A Wrinkle in Time

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Thorndike Press, a part of Gale, Cengage Learning, 2017 - Juvenile Fiction - 271 pages
A New York Times BestsellerA Newbery Medal Award-winnerTime Quintet Series (Book 1)It was a dark and stormy night; Meg Murry, her small brother Charles Wallace, and her mother had come down to the kitchen for a midnight snack when they were upset by the arrival of a most disturbing stranger."Wild nights are my glory," the unearthly stranger told them. "I just got caught in a downdraft and blown off course. Let me sit down for a moment, and then I'll be on my way. Speaking of ways, by the way, there is such a thing as a tesseract.A story of adventures in space and time of Meg, Charles Wallace, and Calvin O'Keefe who are involved in a search for Meg's father, a scientist who disappeared while engaged in secret work for the government on the tesseract problem.

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LibraryThing Review

User Review  - librisissimo - LibraryThing

One of the best books for junior readers of that era. I was captivated by it myself, and it holds up well to adult reading many years later. The sequels did not impress me. Read full review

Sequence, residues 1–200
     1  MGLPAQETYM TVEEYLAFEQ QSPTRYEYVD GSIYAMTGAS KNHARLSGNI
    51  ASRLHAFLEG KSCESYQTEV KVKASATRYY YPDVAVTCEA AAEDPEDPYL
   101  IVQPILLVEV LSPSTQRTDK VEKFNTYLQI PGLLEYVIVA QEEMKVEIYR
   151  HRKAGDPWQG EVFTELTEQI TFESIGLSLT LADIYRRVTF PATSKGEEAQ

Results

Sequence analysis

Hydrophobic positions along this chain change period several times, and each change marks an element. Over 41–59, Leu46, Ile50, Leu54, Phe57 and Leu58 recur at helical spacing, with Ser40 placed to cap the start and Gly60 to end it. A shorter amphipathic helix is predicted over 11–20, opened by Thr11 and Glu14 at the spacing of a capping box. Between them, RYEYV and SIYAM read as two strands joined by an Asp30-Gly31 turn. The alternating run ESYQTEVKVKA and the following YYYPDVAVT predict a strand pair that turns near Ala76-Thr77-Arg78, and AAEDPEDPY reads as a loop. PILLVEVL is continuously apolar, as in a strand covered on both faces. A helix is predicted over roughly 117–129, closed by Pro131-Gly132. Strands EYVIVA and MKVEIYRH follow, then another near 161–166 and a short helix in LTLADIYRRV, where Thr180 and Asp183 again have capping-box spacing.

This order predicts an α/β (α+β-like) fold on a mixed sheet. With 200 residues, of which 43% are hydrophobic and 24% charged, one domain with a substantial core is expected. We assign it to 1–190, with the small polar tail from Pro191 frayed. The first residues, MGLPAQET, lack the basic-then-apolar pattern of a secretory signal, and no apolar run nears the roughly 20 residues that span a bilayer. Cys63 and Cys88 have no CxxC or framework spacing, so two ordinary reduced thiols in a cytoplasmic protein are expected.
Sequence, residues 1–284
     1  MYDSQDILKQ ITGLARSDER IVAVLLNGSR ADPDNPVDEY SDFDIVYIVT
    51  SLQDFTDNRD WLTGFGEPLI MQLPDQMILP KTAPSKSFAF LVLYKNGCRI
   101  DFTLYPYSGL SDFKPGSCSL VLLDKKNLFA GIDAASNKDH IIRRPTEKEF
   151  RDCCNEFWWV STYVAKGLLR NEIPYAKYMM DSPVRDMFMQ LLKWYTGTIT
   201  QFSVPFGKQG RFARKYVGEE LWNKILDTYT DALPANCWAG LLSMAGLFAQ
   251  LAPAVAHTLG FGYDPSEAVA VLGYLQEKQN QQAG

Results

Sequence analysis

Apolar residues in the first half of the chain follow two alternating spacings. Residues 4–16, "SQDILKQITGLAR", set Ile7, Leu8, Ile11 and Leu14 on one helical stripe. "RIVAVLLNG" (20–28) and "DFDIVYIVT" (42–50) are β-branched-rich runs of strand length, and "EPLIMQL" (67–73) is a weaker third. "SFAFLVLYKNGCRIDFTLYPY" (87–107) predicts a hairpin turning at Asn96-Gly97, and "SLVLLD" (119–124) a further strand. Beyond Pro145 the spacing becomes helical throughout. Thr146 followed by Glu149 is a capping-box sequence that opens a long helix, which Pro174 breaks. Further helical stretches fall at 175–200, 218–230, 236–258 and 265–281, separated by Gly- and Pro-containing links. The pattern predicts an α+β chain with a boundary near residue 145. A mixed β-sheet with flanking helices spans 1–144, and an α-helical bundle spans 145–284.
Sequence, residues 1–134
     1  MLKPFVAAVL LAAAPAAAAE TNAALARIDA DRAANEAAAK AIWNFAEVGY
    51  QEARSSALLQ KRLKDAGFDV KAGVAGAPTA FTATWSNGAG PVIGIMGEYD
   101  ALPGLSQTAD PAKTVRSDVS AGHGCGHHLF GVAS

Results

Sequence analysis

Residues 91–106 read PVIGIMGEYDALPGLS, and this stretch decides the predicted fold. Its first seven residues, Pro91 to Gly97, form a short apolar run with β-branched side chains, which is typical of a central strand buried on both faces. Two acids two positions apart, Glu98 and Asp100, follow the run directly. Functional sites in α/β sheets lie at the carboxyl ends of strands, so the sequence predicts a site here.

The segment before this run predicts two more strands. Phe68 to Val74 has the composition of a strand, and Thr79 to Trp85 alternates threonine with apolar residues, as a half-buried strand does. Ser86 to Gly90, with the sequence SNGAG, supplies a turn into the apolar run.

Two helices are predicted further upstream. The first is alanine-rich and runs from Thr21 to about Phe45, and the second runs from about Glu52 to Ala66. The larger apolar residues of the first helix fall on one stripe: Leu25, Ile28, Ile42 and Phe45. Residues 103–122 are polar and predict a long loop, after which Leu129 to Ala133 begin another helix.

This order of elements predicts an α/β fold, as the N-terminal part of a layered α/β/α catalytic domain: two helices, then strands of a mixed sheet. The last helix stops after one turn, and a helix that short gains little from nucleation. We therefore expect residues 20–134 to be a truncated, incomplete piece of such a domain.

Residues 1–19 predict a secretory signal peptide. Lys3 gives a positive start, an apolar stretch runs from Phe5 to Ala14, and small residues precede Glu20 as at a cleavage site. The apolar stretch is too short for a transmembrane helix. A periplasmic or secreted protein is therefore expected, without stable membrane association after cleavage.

LibraryThing Review

User Review  - scottjpearson - LibraryThing

I have been hearing of this book for a long time. I did not read it as a child nor as a youth. Nonetheless, L'Engle's name circulates in some of the literary circles in which I read (e.g., fans of C.S ... Read full review

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About the author (2017)

Author Madeleine L'Engle was born in New York City on November 29, 1918. She graduated from Smith College. She is best known for A Wrinkle in Time (1962), which won the 1963 Newbery Medal for best American children's book. While many of her novels blend science fiction and fantasy, she has also written a series of autobiographical books, including Two Part Invention: The Story of a Marriage, which deals with the illness and death of her husband, soap opera actor Hugh Franklin. In 2004, she received a National Humanities Medal from President George W. Bush. She died on September 6, 2007 of natural causes. Since 1976, Wheaton College in Illinois has maintained a special collection of L'Engle's papers, and a variety of other materials, dating back to 1919.

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